Thursday, May 15, 2014

Product Review and Game Report: Twilight Imperium (3rd Edition)

Earlier this year, I watched the Starlit Citadel review of Twilight Imperium; a game I played once, so long ago, I forgot nearly everything about it. But as Fate would have it , few weeks ago, my friend Joe wanted to play TI3 (as the 3rd Edition of the game is referred to as). Together with my daughter's boyfriend Dallas, we managed to play, more or less to completion, this epic space conquest game. 

The entire game report, Twilight Triumvirate, in comic format, can be read here, or under the Studio Pages in the top left tab of this blog. 

This game of cosmic conquest can be played by 3-6 (eight with the Shattered Empires expansion) and is of moderate complexity.  While each individual rule is simple in and of itself, the complexity level rises because the rules taken as a whole, force players to balance and coordinate layers of economic, diplomatic, political, technological and military power to achieve their objectives.  Not to mention all the cards, status counters and plastic playing pieces (a.k.a. "fiddly bits") to keep track of. 

The geomorphic (astromorphic?) map, along with random selection of races and card-draw, guarantees players won't be playing the same game twice.  The process of constructing the interstellar terrain is quite extensive, normally involving all the players. Since time was of the essence, Dallas and I assembled the three-player galaxy the night prior to our session and randomly selected which races would be the card-carrying members of our galactic triumvirate.

(Our Three-Player Galaxy)
When Joe arrived, we randomly determined who would represent each race.  Joe got the Sardakk N'Orr (warrior bugs), Dallas the Mentak Coalition (space pirates) and I ended up with the Yin Brotherhood (clones). 

Rule mechanic-wise game went fairly well, considering Joe and I have only played it once before, while this was Dallas' first exposure to the game.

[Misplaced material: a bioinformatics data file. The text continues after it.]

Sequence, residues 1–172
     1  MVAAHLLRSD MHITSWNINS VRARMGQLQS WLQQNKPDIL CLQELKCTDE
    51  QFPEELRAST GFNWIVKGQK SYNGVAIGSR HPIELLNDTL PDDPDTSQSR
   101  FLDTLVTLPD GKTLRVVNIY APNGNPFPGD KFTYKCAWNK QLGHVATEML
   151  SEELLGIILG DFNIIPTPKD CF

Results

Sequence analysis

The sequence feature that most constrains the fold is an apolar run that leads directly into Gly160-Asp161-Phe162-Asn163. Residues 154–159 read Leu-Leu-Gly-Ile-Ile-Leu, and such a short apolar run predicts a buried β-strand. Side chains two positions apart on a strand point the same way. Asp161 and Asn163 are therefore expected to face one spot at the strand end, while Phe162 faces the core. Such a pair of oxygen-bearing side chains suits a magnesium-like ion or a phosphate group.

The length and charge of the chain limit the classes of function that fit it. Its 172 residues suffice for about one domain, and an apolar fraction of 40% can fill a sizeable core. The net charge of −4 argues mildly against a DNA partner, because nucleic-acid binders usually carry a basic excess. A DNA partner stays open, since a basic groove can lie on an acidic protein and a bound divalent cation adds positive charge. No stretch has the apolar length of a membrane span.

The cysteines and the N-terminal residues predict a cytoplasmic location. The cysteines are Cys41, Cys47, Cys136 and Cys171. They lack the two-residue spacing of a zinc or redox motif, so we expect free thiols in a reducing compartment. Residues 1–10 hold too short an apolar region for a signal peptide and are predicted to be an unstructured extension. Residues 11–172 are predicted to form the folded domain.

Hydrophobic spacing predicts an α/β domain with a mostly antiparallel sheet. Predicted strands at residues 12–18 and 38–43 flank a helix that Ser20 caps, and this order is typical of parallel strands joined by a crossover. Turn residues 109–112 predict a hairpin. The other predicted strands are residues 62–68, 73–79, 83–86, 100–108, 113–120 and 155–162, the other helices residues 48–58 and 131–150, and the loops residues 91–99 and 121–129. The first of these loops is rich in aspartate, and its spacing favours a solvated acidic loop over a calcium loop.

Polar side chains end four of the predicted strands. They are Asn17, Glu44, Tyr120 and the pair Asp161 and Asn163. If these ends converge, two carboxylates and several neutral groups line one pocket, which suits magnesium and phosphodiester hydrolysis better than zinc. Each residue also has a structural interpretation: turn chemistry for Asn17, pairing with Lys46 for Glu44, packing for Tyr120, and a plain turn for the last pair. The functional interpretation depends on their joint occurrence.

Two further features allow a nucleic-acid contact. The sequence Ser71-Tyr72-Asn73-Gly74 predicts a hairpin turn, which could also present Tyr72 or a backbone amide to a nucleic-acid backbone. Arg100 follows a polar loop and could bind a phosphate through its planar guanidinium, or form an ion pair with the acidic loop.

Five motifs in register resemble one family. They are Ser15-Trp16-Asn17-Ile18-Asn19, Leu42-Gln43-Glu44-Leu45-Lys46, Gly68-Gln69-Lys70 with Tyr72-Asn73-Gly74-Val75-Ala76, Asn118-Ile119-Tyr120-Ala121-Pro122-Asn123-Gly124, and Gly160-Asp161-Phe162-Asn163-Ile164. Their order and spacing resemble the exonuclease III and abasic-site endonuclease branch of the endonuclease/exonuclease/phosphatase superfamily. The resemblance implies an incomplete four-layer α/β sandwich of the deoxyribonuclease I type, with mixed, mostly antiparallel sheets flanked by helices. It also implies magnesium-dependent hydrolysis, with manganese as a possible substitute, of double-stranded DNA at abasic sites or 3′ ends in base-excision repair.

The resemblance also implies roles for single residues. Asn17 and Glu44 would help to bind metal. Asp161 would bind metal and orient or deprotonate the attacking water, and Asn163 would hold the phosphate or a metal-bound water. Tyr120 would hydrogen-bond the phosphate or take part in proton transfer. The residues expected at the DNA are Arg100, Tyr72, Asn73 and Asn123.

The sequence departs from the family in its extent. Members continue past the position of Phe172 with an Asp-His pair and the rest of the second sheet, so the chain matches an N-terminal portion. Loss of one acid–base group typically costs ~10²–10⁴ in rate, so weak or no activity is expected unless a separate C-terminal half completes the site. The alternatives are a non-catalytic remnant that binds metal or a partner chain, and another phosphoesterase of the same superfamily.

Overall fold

The two major items we misplayed were the Action Phase and the production portion of the Activation Sequence.

Normally, in the Action Phase a player can do one of the following--

--conduct a Strategic Action
--conduct a Tactical Action
--conduct a Transfer Action
--or he can Pass

In our game we played a Strategic Action followed by a Tactical Action each turn.  Basically, we did two actions per phase instead of one. I felt that something wasn't right and the turns had an odd feel to it.  But since we were in the thick of playing the action, I didn't realize what we did wrong until several days later--and with the help of some tutorials available on YouTube

As far as producing new units, we simply built whatever we could afford at the moment.  We somehow forgot we needed to use an activation counter (which depicted the level of command & control one is capable of exerting) to do so.  As a result, our collective industrial capacity was higher than normal. 

As the Yin Brotherhood player, I realized I overlooked some aspects of this race after re-reading material for this blog post and game report--

--The Yin are fanatics and could use their destroyers to make kamikaze attacks against specific ships in an enemy fleet.
--They can also swap a planet's Resource Rating (economic power) and it's Influence Rating (political power) for one round.  

Oh, well.  

Next time we play, and if I end up with the Yin again, hopefully I'll remember all this.

On the plus side, we felt the game was much more interesting using the Distant Suns Option.  Under this rule, Distant Suns counters are placed inverted on each planet.  Each one represented a hidden benefit or danger to any player landing ground units on unexplored/unclaimed planets. In on-line forums, some players feel this option slows the game down.  This may indeed be true. But I think otherwise the opening phases of the game would merely be a long series of "expand-build-expand-build" actions, with a dash of political/economic backstabbing, until players' forces come in contact with each other. 

Overall, TI3 does well at immersing players in a star-spanning saga of political intrigue, financial finagling, diplomatic double-dealing and cosmic conquest.  


Anonymous said...

Great post, Ted. Covered pretty much everything. My take is that we were able to play this monster to near completion in a single moderately long sitting! Yes, of course we'll work out the bugs next time. Hopefully, we'll have more players and a place we can leave the game setup for an extended period. I am very much looking forward to playing this one again!


Ted Henkle said...

Thanks Joe! I'm looking forward to playing again too.